Calls Grow for Revision of LAUSD Security Policies

The security policies call for metal detector scans and student locker searches.

Various coalitions of faculty members and student advocates are calling on the Los Angeles Unified School District to change its policy on student searches and metal detectors.

Some critics of the policy claim it stokes distrust and animosity from students at the expense of the learning environment administrators are trying to create.

“There’s an inherent tension between beefed-up security on one end of the rope and maintaining a welcoming, supportive school climate on the other,” says Ken Trump, who heads National School Safety and Security Services.

The policy, established in October of 2015, requires all secondary schools to “conduct daily random metal detector searches of students” in addition to searching a minimum of ten lockers each school day.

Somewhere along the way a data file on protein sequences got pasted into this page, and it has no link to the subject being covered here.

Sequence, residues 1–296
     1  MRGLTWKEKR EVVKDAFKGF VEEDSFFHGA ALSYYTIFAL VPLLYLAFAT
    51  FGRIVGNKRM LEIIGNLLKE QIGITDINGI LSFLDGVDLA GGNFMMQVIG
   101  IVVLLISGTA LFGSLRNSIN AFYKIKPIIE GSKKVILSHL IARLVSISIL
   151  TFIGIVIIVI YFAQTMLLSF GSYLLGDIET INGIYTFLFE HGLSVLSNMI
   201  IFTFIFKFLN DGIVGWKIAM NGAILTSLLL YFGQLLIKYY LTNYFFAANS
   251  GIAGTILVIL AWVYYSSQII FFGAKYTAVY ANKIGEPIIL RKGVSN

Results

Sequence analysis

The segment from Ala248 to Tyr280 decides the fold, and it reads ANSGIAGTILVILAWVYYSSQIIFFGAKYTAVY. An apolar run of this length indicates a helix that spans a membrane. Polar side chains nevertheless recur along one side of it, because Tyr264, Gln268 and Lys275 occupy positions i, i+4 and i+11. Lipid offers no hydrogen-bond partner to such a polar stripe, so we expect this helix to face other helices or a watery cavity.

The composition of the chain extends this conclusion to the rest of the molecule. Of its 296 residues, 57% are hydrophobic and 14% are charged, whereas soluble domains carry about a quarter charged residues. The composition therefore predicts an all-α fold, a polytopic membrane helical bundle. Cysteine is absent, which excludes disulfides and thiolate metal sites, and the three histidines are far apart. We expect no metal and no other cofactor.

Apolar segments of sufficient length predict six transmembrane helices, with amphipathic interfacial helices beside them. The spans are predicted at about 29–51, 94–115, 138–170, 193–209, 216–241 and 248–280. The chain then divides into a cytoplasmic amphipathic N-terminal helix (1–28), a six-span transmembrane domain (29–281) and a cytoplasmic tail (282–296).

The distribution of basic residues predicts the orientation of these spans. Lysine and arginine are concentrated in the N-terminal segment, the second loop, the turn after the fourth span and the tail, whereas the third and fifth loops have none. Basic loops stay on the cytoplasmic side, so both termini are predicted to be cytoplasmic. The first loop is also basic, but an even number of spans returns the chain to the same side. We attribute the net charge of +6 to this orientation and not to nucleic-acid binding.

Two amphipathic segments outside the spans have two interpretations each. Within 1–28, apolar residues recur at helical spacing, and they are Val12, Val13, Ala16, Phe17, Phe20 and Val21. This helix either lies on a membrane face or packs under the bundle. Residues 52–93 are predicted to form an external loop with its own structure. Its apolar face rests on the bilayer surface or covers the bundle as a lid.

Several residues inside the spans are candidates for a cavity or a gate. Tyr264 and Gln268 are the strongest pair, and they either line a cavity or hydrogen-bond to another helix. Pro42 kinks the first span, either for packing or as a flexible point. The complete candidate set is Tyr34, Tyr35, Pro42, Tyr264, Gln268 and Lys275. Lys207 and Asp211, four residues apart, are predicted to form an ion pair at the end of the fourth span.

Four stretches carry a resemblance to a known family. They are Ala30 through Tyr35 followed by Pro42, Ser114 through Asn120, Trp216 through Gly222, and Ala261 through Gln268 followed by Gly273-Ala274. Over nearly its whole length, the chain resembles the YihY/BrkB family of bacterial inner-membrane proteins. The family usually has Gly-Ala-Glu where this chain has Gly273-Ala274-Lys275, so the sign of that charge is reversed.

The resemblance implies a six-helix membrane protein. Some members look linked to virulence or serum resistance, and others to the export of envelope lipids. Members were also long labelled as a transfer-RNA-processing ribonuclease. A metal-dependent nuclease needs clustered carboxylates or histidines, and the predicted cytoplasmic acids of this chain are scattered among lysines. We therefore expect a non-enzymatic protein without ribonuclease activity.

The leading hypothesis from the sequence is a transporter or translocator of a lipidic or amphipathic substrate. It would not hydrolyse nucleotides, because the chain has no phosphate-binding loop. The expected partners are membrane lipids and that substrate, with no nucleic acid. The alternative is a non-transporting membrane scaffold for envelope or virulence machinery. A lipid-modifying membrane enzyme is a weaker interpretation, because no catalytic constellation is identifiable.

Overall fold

Some teachers say the searches create an “us-versus-them” mentality among students who feel like they’re being targeted and their privacy is being violated, reports

Still, school security experts point to falling crime rates at schools and recent shootings as reasons to believe the policy is necessary.

Campus Safety has reported on a similar debate taking place across the country, at New York City Schools. There hasn’t been a student shot in New York City Schools, where metal detectors are installed in 88 district buildings, in 13 years. At the same time, as recently as the 2013-2014 school year more than 1,200 weapons (including firearms, knives, boxcutters, razors and Tasers) were confiscated from students in the district.

Read Next: NYC School Safety Agents Union Accuses City of Deflating School Crime Stats

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